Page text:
9 58-75 A. D.

1 Chang Ti, 76-88 A. D.

2 The States Ch‘i and Lu are of about equal importance, and so are Ch‘u and Sung.

3 Said of the length of the tablets. Cf. I, p. 456.

4 Apart from the Shi-chi of Sse-Ma Ch‘ien who describes only the beginning of the Han period, the history of the Former Han dynasty was written in the Ch‘ien Han-shu by Pan Ku and that of the After Han in the Hou Han-shu by Fan Yeh, but though much esteemed, their works have not been raised to the rank of classics.

5 Pan Ku wrote two poems descriptive of the eastern and western capitals of the Han.

1 Figuratively for the border lands of China with their people.

2 Cf. p. 208.

3 A people south of the Lobnor, said to be identical with the Lou-lan between Hami and Turfan.

4 A people in Yünnan, in the present prefecture of Yung-ch‘ang.

1 Analects IX, 10 [Couvreur].

2 On p. 192.

3 The capital of Huang Ti in Chili.

4 On Tan-shui and the Yu Miao see Vol. I, p. 494, Notes 3 and 4.

5 An allusion to the Yiking, 63th hexagram (Legge, Sacred Books Vol. XVI, p. 205), The ‘devil country’ or ‘demon region’ means the barbarous hordes in the north of China.

6 See p. 18.

1 Ch‘ên Hsi was a counsellor to the king of Chao. He caused an insurrection against Kao Tsu in 197 B. C. and was decapitated in 196. Cf. Chavannes, Mém. Hist. Vol. II, p. 393 seq. and 399.

2 Cf. Vol. I, p. 218, Note 5.

3 Ch‘ao T‘so eked on five States to rebel against the Han. The plot failed, and Ch‘ao T‘so was put to death by order of the emperor in 154 B. C. Cf. Chavannes loc. cit. p. 499 and 509.

4 The acceptance of the Chinese calendar has always been regarded as a sign of submission.

5 A fact mentioned in the Shi-chi (Chavannes, Mém. Hist. Vol. I, p. 226).

6 This inference is wrong, of course, for we do not know whether the power of Ch‘in and Hsiang was, each of them, equal to that of Chieh or Chou.

7 Cf. Vol. I, p. 168, Note 2 and p. 430, Notes 1 and 2.

8 Who killed their rightful lieges.

1 Lit. the ‘three zones’ round the capital. Cf. Couvreur Dict.

2 A district in Shensi.

3 This passage is quoted in the T‘ai-p‘ing-yü-lan chap. 985, p. 3v., but the text differs. There the boy does not eat the cinnabar, but smears his body with it. See also Vol. I, p. 484 where the corresponding passage, which owing to the conciseness of the text was mistranslated, must be corrected. Tan Chiao is not a name.

4 Quoted in the Pei-wên-yün-fu.

5 Chapter of the Shuking [Legge][Couvreur], see Vol. I, p. 484, Notes 4 and 5.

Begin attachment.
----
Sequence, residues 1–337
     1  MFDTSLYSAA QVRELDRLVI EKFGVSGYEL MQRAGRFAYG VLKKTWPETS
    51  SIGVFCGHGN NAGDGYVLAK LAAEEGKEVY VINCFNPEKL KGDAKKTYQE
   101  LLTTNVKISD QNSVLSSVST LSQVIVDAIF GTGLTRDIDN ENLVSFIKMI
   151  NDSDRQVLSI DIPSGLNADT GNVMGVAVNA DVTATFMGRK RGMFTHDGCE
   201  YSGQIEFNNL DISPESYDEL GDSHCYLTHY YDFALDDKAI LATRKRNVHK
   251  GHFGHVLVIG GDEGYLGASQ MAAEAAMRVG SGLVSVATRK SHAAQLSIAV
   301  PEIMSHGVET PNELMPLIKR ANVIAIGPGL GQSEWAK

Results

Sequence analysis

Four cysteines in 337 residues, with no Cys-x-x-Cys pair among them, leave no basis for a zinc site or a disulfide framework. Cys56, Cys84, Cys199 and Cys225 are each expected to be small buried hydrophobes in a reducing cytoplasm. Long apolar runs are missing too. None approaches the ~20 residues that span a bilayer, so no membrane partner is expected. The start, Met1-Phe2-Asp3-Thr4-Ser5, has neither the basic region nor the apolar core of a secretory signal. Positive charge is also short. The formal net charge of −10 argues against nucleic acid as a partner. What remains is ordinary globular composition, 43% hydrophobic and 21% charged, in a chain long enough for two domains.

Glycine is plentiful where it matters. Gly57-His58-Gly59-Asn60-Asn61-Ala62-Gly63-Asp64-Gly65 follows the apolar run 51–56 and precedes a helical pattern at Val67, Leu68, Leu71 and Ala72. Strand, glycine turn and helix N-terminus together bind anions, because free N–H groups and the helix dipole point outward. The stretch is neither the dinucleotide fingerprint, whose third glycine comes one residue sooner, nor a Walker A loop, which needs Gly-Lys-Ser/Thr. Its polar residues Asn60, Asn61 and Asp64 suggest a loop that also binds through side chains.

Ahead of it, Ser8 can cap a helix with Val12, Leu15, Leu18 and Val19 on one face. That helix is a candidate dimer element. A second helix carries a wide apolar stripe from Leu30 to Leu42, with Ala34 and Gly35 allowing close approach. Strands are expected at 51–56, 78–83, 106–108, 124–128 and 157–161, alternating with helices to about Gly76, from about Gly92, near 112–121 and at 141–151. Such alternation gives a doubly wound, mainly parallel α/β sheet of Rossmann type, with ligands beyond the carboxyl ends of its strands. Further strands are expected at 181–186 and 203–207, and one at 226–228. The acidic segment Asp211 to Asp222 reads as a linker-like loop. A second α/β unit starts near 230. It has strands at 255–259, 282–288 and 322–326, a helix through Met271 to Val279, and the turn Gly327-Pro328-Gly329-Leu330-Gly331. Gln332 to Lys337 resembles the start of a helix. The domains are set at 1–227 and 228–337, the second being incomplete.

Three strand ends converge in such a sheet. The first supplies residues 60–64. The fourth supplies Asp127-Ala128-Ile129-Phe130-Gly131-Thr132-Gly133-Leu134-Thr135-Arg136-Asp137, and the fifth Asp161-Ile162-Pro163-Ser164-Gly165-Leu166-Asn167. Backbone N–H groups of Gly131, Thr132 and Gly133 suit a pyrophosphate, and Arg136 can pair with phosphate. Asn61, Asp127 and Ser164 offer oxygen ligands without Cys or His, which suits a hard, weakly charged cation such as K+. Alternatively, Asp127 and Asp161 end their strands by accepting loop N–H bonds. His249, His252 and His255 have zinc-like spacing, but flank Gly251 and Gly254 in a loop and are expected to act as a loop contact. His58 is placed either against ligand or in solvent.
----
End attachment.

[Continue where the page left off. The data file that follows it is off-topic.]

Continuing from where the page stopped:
6 I. e. Wang Mang who assumed the title the ‘New Emperor’.

1 A district in the Ying-chou prefecture of Anhui.

2 In 23 A. D.

3 Cf. Chavannes, Mém. Hist. Vol. I, p. 235.

4 The story is related by Mencius Book I, Part I, chap. VII, 4 (Legge, Classics Vol. II, p. 139) [Couvreur].

5 In the year 596 B. C. the capital of Chêng was taken by Ch‘u after a long siege. Then the scene alluded to took place. The narrative is found in the Tso-chuan, Duke Hsüan, 12th year [Couvreur].

6 See Vol. I, p. 319, Notes 4 to 7.

7 Generally known as Liu Hsüan, a cousin to Kuang Wu Ti.

8 The place where Wên Wang, the father of Wu Wang, was imprisoned by order of King Chou.

9 The last emperor of the Former Han dynasty.

10 An author, see Vol. I, p. 469, Note 3.

1 See Vol. I, p. 177 seq.

2 A solar mansion corresponding to Gemini.

3 See Vol. I, p. 180.

4 Cf. loc. cit. p. 181, where the reading Ch‘uang-ling (ed. B.) must be corrected into Ch‘un-ling.

5 On these various miracles compare Vol. I, p. 318 seq.

6 Cf. p. 311.

1 See p. 196.

2 See p. 213.

3 Chang Ti.

4 76-77 A. D.

5 In the prefecture of Yung-chou, Hunan.

6 More details on these eight dragons are given on p. 216.

7 All these portents are faithfully chronicled in the Hou Han-shu chap. 3, p. 6r. seq., only in the numbers and the years there are slight differences.

8 Vol. I, p. 130.

9 By the usurper Wang Mang who ousted the Former Han dynasty.

1 The aborigines of Ssechuan.

2 In Vol. I, p. 505 where the same statement is made.

3 The two Chou emperors reigning from 878-828 B. C. (Li) and from 781 to 771 (Yu).

4 He left the old capital Hao-ching in Shensi, and took up his residence farther eastward in Lo-yi (Honan).

5 The savages from the four quarters.

6 In 1 A. D.

7 They could not converse with the Chinese through one interpreter, finding nobody who could understand their language and Chinese, and therefore required one more to translate their speech into a language from which it could be rendered into Chinese.

8 Tribes in the west of China.

9 Of these tribes only the Liang Yuan are mentioned in the Han-shu, Biography of Wang Mang (Pei-wên-yün-fu).

10 A place in Kansu.

11 The geographical part of the Sui-shu (quoted in the Pei-wên-yün-fu) informs us that the circuit of the ‘Western Sea’ includes the old city of Fu sse, wherever that may be, and embraces the kingdom of T‘u-yü-hun. There is the stone grotto of Hsi Wang Mu and the salt lake Kukunor. Chavannes, Les Tou Kiue Occidentaux p. 280 likewise places T‘u-yü-hun on the banks of this lake. The Hsi-yü-chuan, on the other side, states that T‘iao-chih which I take to be Syria, is conterminous with Hsi-hai, and that there are big birds whose eggs are like jugs (ostriches). It is impossible that the Han carried their conquests so far.

1 Cf. Vol. I, p. 131, Notes 1 and 2.

2 See Analects IX, 13 [Couvreur] and Vol. I, p. 406, Note 6.

3 An expression not found elsewhere.

4 Two ancient States in Ssechuan.

5 The modern Ch‘u-hsiung-fu in Yünnan.

6 The present Kuei-lin-fu, Kuangsi.

7 Kung Yang, Duke Chuang 32nd year.

8 The king of Kuang-ling committed suicide in 67 A. D., the king of Ch‘u in 70 A. D. See Hou Han-shu chap. 2, p. 13v. and p. 16v.

9 The family of Yin Chiang.

1 The son of the last emperor of the Yin dynasty, also called Lu Fu. See Chavannes, Mém. Hist. Vol. I, p. 207, Note 4. But here two different persons seem to be meant.

2 The Yin dynasty.

3 On the banishment of these four criminals see the Shuking Part II, Book I, 12 (Legge, Classics Vol. III, Part I, p. 39) [Couvreur] and Chavannes, Mém. Hist. Vol. I, p. 67.

4 Cf. p. 160, Note 1.

5 This seems to refer to an earthquake which happened in Wang Ch‘ung’s time.

6 See p. 161.

7 Cf. p. 18.

1 Cf. p. 134, Note 1.

2 76 A. D.

1 68 A. D.

2 The Huan district corresponding to the prefecture of An-ch‘ing, the capital of the province of Anhui.

3 Now Lü-chou-fu, 120 Li west of the present Lü-chiang-hsien.

1 This soi-disant lucky augury is shortly mentioned in the Hou Han shu chap. 2, p. 14r. where the lake in which the gold was found is called Ch‘ao-hu, a lake in Ho-fei-hsien (Anhui) now famous for its gold-fish. As further portents which appeared in the same year are enumerated : a unicorn, a white pheasant, a wine spring, and auspicious grain.

2 Extraordinary only for persons prejudiced and desirous to discover omens at all costs.
1   ...   37   38   39   40   41   42   43   44   ...   47

The database is protected by copyright © 2020
send message

    Main page